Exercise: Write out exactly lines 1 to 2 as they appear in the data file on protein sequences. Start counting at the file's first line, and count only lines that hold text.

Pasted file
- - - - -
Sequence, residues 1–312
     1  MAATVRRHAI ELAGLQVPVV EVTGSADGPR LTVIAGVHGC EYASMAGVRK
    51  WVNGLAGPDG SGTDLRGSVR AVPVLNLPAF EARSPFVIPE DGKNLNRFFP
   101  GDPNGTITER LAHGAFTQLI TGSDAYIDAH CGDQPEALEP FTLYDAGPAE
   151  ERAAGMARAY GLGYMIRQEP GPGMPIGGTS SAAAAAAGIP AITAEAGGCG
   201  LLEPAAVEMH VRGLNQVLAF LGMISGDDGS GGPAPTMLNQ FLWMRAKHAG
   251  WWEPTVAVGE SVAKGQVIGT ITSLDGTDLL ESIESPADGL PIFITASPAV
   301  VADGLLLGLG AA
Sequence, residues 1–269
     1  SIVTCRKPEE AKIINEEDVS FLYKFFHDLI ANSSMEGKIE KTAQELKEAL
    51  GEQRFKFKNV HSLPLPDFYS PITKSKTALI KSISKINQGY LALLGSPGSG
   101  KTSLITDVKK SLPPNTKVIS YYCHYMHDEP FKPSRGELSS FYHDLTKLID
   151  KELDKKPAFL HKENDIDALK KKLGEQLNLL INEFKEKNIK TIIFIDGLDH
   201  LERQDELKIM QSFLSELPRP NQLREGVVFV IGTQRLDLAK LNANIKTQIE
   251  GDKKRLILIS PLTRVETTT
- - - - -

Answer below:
Sequence, residues 1–312
     1  MAATVRRHAI ELAGLQVPVV EVTGSADGPR LTVIAGVHGC EYASMAGVRK